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Meaning and Definition of Hedge

A hedge is, generally, an investment position projected to make up for potential losses which might be incurred by a cohort investment. In theoretical terms, a hedge refers to an investment made to reduce the risk of unfavorable price movements in an asset. The strategy of hedge is used by the investors when they are not sure of future market conditions and prices.

For example, a business owner has a stock. He sells a futures contract stating that he will sell this stock at a particular price, thus avoiding market fluctuations. A perfect hedge, would, therefore, reduce the risk to nothing.

The process of Hedging

The techniques adopted for hedging usually involve using complicated financial instruments which are referred as derivatives which include ‘options’ and ‘futures’ as the most common ones. These instruments help in developing the trading strategies wherein a loss in one investment is compensated by a gain in a derivative. Well, since there are numerous different kinds of options and futures contracts, it is possible for an investor to hedge against almost anything, like a commodity price, a stock, currency, and interest rate. Adding more, investors can hedge even against weather.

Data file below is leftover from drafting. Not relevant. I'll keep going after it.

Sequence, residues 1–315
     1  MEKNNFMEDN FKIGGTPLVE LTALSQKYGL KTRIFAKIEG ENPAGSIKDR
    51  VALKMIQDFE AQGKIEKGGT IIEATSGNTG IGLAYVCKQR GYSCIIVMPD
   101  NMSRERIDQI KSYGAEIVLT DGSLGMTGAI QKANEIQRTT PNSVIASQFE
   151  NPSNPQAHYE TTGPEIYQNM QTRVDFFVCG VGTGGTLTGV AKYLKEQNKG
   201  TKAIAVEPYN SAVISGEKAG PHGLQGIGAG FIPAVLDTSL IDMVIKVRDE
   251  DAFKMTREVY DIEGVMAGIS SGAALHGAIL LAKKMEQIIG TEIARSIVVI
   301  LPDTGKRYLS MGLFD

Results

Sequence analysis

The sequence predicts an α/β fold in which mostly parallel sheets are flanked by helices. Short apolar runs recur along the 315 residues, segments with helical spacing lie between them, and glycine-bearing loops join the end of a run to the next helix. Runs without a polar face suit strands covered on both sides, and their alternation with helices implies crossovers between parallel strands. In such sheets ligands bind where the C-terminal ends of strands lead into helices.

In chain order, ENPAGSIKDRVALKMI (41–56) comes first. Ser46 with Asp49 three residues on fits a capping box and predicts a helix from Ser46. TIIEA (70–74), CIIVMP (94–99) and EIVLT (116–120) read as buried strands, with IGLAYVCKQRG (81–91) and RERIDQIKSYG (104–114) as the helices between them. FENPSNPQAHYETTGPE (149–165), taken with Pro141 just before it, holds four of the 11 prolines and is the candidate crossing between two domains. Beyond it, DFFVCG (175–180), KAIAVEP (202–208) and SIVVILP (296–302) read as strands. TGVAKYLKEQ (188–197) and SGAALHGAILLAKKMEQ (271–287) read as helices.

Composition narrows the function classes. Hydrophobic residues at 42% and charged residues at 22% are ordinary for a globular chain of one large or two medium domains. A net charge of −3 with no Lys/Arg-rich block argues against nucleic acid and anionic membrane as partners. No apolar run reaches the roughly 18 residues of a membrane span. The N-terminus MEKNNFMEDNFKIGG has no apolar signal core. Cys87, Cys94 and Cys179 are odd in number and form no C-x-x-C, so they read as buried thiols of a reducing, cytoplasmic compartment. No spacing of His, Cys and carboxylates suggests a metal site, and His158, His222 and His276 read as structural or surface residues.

The downside of Hedging

Besides the benefits, every hedging also has a cost. It is, therefore, essential for an investor, before opting to use hedging, to confirm whether the benefits received from that particular hedging validate the expense incurred on the same. It is noteworthy that the key objective of hedging does not lie in making money but in protection from losses. The cost of the hedge cannot be avoided, be it lost profits from being on the erroneous side of a futures contract or the cost of an option. This is the price which has to be paid to avoid uncertainty.

A hedging portfolio is, however, not a perfect science and things might sometimes go wrong. Although there are risk managers who always aim at a perfect hedge but it is, however, somewhat difficult to be achieved in practice. But, you, as an investor, can work on hedging in a better way to protect yourselves through a better basic knowledge of hedging. 

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